Hackers sold personal data to 267 million Facebook users for only Rs 41,500 (approximately € 500). This data includes email addresses, names, Facebook ID, dates of birth and phone numbers.
Fortunately, according to the Cyber Cyber Risk Assessment platform, there are no passwords for 267 million Facebook users revealed by a hacker.
Cyber researchers made the sale and were able to download and verify the data.
At this stage, we do not know how the data was first released. This may be due to the leakage of a third party API (Application Programming Interface) or disposal, which the company states in a statement.
Since the data contains confidential user information, it may be used by cybercriminals for phishing and spam, is warned of.
Photo: Official kibble portal
Last December it was reported that a database with the names and phone numbers of more than 267 million users was put on the Internet.
According to a blog post on Comparitech’s website, the database was available for download in an online hacker forum.
A spokesperson for Facebook said at the time that we are dealing with this issue, but we think it is very likely that we have received information before the changes we have made in recent years to better protect people’s information.
Cyber researchers have advised users to tighten the privacy settings on their Facebook profiles and to be careful with unsolicited email and text messages.
We are currently indexing the data on our darkweb monitoring platform, to which retailers have access via AmIbreached.com, according to the company.
Facebook came under fire after the British consulting firm Cambridge Analytica collected personal data from 87 million users. The Federal Trade Commission (FTC) has been fined $5 billion for violating Facebook.
The social media giant showed last November that at least 100 application developers have had access to the data of Facebook users for several months, and confirmed that at least 11 partners have had access to the information of the group members in the last 60 days.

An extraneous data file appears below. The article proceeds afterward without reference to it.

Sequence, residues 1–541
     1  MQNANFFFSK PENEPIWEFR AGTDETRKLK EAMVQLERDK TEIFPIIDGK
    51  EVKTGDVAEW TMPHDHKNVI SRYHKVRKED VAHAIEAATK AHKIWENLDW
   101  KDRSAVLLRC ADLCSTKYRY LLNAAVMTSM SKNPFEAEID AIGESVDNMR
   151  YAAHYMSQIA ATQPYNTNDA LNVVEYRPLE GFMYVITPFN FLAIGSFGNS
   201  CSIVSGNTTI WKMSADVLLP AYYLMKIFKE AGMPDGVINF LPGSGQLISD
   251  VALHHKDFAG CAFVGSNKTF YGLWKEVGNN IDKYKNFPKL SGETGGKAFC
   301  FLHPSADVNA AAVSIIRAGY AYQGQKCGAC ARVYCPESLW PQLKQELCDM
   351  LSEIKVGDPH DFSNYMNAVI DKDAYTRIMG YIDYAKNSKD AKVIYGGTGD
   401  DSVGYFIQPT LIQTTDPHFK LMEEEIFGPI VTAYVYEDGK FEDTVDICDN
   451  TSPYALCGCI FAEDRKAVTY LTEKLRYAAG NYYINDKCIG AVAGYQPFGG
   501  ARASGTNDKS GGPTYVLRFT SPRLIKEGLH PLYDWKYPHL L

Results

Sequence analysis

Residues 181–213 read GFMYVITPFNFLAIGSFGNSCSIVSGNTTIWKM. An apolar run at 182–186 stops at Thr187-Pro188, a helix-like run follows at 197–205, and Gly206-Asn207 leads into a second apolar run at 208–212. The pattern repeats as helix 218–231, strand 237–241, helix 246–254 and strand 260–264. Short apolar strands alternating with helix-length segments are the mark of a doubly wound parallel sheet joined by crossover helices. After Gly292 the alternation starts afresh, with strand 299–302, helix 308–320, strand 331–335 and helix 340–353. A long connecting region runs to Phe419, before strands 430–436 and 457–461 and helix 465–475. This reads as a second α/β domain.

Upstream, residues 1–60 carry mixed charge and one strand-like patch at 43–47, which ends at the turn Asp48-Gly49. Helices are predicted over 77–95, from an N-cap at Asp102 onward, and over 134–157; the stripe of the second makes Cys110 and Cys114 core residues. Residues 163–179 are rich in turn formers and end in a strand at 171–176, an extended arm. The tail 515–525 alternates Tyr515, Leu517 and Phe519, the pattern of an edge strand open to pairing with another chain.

Facebook has discovered that applications – mainly social networking and streaming video applications – keep access to information about group members, such as names and profile photos, via the API (Application Programming Interface) of the groups.
Not only Facebook, but also Cyble reported last week that hackers dropped more than 5 Lacate passes from people who attended Zoom desktop conferences and gave them away for free on the black web.
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Cyble bought more than 530,000 free copies in an underground hacker forum. Several of the company’s customers were among the stolen accounts, which, according to the report, also contained a personal meeting URL and zoom host keys.
Kibble has confirmed that the references are indeed valid.
The mole also contacted some of the compromised account holders and received information that the passwords were correct.
A hacker interviewed by the motherboard who claims to have traded the exploits found at Buzz on the black market, said that Buzz’s faults are usually sold for between $5,000 and $3,000.facebook data breach summary,facebook data breach case study,facebook data breach 2018,facebook security breach 2019,how did the facebook data breach happen,facebook data breach 2019,facebook data breach 2020,facebook breach 2019